Field Notes 2001
"Brooklyn's Eighteenth-Century Lott House"
May 7, 2001
Final Plans for the Archaeological Investigations at the Hendrick I. Lott House
|During June, our last three weeks of archaeological investigations at the Hendrick I. Lott House will take place. We have almost completed our goals for the four-year project we laid out in early 1998. This year we plan to work in three areas of the property. Click on the updated site map to review where we have excavated over the past few years and where we intend to work this year! |
Area #1: South and Southwestern lawn area
Test pits will be excavated along the southern fence line of the property and in the southwestern corner (East 36th Street side) of the property fence. There are two reasons for this. First, we would like to test the stratigraphy of the area along the south fence line. We assume that the recovery of artifacts will be minimal in this area, but that is not our goal for these pits. We want to better understand how the landscape changed during the occupation of the house over the past 280+ years. The intention of the test pits along the fence line of East 36th Street in this area is to follow the path of the road that was uncovered in 1998 that ran between the main house and the stone kitchen. We are curious to see at what depth the road surface is in this area, it matches the below ground depth of the road surface located three years ago, and what are its composition and direction. This will help us better extrapolate the size, composition, and direction of the road throughout the Lott property. Once again, we anticipate the recovery of artifacts to be minimal. Remember, archaeology is not just about finding "things," but also the recovery of all types of information.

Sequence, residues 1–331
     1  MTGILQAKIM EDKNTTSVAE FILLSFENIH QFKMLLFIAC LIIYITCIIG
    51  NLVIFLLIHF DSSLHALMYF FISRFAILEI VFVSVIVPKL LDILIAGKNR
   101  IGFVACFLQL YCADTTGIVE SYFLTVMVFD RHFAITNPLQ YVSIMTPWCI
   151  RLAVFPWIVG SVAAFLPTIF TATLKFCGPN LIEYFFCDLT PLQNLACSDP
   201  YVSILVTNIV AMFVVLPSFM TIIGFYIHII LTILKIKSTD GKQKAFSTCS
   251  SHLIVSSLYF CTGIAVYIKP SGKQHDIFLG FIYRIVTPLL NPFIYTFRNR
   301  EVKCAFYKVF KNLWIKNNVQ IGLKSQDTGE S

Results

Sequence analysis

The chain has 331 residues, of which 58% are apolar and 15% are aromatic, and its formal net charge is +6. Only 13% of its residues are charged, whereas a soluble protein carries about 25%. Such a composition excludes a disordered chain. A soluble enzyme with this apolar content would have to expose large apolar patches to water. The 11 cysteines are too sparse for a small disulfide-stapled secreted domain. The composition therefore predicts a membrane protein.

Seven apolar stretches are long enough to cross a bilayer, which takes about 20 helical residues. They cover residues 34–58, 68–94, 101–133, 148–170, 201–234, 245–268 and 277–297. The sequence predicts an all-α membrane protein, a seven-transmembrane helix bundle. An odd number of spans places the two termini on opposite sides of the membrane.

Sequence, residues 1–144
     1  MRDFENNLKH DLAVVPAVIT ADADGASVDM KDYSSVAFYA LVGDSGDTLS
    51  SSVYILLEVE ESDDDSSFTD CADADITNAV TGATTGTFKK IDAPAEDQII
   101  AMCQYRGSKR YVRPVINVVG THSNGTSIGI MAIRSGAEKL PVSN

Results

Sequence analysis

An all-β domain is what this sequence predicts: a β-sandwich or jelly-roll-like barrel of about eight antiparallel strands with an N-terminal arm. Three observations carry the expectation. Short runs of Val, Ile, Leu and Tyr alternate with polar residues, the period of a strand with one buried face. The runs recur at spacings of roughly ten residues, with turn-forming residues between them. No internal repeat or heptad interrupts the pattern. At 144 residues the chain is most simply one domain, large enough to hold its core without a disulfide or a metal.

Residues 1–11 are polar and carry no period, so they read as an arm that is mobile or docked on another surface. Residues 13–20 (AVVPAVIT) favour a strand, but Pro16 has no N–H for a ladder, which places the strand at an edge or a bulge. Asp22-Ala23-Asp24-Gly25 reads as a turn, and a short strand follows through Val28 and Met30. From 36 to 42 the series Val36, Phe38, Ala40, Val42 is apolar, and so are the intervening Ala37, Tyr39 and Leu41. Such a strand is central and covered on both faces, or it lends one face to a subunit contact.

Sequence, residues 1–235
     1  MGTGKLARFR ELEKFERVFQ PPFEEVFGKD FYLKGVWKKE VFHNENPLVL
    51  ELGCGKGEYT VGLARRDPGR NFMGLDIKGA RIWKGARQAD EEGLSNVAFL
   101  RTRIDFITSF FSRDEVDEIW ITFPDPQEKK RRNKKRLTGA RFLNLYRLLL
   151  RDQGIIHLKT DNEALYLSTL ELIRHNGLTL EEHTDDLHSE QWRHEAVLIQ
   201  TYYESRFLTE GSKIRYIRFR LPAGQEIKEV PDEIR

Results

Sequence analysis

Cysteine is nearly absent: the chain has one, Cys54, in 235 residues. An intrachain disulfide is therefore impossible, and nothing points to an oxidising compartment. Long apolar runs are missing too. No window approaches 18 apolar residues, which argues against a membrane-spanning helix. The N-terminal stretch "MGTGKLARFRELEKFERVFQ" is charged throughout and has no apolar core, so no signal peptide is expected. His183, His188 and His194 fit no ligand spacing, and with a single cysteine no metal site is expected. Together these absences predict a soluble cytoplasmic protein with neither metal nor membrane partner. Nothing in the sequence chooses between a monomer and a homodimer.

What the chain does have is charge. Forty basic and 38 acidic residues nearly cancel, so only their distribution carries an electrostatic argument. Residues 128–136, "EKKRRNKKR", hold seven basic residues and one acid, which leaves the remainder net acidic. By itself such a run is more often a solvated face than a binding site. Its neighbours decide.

Area #2: The southwestern back room in the basement
With the abatement of asbestos in this area, we can finally tackle one of the finished rooms in the basement. If you recall from our excavations in 2000, we uncovered a doorway (ca. 1800 to 1840) that led into this area of the basement. We have not been able to determine, based on documents, why the entranceway was placed here, what was its purpose, when exactly was it sealed and why the entranceway shifted from the south to the west wall of the same room. We would also like to know why this room is finished, as opposed to the rest of the basement, which only has painted walls. There is late-nineteenth-century wainscoting in this room. This room also features an oven, an interior well, with the remains of a 1960s pump still in place, a dry-laid wooden floor, lighting fixtures and, what appears to be, an exterior door that is sealed up between the east wall of the room and the other side of the basement. Excavations of the dirt floor underneath the wood (which will be mapped, photographed, and removed) will hopefully answer all the questions that we have at this point and will undoubtedly help to answer future questions that will surely arise.
Area #3: Interior of the garage
We know that the garage on site is fairly recent. It was most likely constructed in the late 1920s or early 1930s, soon after the laying of the streets and the destruction of the family's barns and exterior brick house (which was excavated in 1998). Based on remote-sensing work we also know that a septic tank lies partially underneath this garage as well. Photographic and map evidence indicate that a well may have been located in this area. As you are probably aware, we have not been able to recover (archaeologically) any wells on site. The only one we know of for sure is the one that is still present in the finished room in the basement. Since the garage is still standing and, somewhat, functional, we will conduct limited testing inside of it. We'll clean out some of the materials that are in there and excavate, perhaps, two 2 x 2 meter trenches.
Because of the limited amount of excavation time this year, only three weeks, as opposed to the six weeks that we normally undertake, this year will not feature extra dig days where school and volunteer groups come to the site and participated.
Now we begin...
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© 2001 by the Archaeological Institute of America